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3 August, 2000

August 3 , 2000

Matanuska Glacier, Alaska

The next dye tracing test has been put on hold as we wait for a shipment of dye to arrive. With the quantity that we have on hand we decided to let the others use whatís left. We plan to use much larger quantities in our next series of tests and it made sense to wait. In the meantime I continue to help Bob Bigl with the drilling team. Today was spent moving the sleds over some relatively rough ice and rocks to a new drill site. It was hard work as we had to chop lots of ice in some places to allow the sleds to pass.

In addition to working on the dye tracing project and occasionally helping people like Bob Bigl and Greg Baker I have helped Justin Pearce, Ben Cashman and Josh Lawson with a variety of tasks dealing with the day to day collection of water samples from a variety of vents. They were hired by Cold Regions Research and Engineering Lab to collect these samples during this summer melt season. They have been collecting samples from North Vent, Little River, two of the Mammoth vents and also from the main stream that drains South Vent. Samples of roughly 450 milliliter are taken in two hour intervals from each site. Back at camp the actual volume of each sample is recorded and the sediment is filtered from it. Using a special type of filter the sediment is sandwiched between two pieces of filter paper which have been weighed in advance of being used. These sandwiched sediment samples are then dried in an oven and weighed again to determine the mass of sediment that each water sample contained.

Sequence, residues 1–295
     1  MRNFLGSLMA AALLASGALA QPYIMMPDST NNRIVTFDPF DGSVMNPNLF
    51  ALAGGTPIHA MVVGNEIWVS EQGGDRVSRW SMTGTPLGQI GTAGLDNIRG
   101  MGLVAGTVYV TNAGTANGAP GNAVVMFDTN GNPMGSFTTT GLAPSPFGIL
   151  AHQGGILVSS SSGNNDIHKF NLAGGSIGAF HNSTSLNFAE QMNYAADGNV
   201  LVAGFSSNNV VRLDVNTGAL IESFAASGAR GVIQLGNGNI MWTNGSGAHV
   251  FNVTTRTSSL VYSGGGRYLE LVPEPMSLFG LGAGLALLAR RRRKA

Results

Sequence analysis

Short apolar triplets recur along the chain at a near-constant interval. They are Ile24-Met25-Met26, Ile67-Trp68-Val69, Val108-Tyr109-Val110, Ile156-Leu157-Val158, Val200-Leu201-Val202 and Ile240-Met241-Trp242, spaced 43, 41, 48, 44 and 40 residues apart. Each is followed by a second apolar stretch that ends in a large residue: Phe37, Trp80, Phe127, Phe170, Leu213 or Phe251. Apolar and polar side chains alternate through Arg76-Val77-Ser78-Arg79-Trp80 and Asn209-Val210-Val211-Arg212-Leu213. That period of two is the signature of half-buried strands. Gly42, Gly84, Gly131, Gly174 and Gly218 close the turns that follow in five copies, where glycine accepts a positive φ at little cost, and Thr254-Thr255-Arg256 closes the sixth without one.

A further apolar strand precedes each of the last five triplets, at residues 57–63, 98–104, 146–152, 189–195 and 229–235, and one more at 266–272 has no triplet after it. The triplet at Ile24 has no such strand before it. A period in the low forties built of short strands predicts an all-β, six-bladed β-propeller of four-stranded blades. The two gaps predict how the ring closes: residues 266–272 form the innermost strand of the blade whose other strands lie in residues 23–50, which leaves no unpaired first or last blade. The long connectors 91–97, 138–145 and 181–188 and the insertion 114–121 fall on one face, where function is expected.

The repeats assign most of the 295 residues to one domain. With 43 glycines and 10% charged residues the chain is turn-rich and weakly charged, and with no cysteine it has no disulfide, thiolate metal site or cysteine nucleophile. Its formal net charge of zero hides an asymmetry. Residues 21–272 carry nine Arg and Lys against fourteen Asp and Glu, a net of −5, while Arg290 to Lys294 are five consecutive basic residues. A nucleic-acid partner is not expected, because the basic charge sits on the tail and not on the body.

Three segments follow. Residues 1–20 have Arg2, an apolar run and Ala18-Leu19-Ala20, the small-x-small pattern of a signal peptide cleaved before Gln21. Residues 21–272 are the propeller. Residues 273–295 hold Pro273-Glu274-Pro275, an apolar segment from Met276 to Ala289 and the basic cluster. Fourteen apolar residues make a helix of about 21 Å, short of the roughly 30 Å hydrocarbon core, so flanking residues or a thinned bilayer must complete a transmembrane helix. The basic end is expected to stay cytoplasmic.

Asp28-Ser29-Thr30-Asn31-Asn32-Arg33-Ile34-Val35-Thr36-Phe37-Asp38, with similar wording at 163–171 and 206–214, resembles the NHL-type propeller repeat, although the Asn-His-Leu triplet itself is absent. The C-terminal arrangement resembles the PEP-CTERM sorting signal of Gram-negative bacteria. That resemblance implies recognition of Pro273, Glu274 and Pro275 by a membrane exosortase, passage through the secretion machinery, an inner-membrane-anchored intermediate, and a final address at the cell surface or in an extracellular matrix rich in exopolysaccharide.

The mass and volume information can be used along with the flow rate of the water at stream gauging stations to calculate the flux of sediment out of the glacier. With this information the total mass of sediment for the season can be determined. When applied over the surface area of the glacier an approximate rate of erosion resulting in suspended sediment can be estimated. Data collected in the past suggests an abrasion rate of approximately one millimeter per year.

Recall from July 28 that this sediment called glacial flour is produced by abrasion of the underlying rocks by the basal till layer. There are other erosive processes at work on the bottom as well such as the plucking of bedrock and the subsequent movement and breakup of those larger pieces into smaller ones. By the time this material reaches the terminus there is a variety of parcticle sizes from sediment up to small pieces of stone.

In addition to his CRREL duties Justin Pearce is also collecting data for his Masters thesis project. It is Justinís hypothesis that vents are discharging more than just suspended sediment. Justinís research is looking at the flow of the larger parcticles such as sand and small rocks that may be discharging as well. Using a special type of sampling devices he manages to catch these parcticles for further analysis. The parcticles are sorted by size and the total mass and the mass of each parcticle size is recorded. I have seen Justin wading waist deep into these rushing, cold waters to collect his samples. Heís managed to only fall in once and he gives a good first hand account of how cold these meltwaters are.

At a later date he will have access to the discharge records of the streams draining the glacier. By using similar analysis techniques he will hopefully yield similar sorts of conclusions that were made about suspended sediment erosion. Heís hoping to be able to correlate vent discharge rates with suspended sediment flow and the larger parcticles that heís studying.

Marvin Giesting


Bob Bigl carefully maneuvers one of the sleds over an ice ridge.


Occasionally it is necessary to use the winch on the ATV to get up and over the ridges. At the top the sled must be carefully balanced and braced into a locked position while the hitch is reattached.


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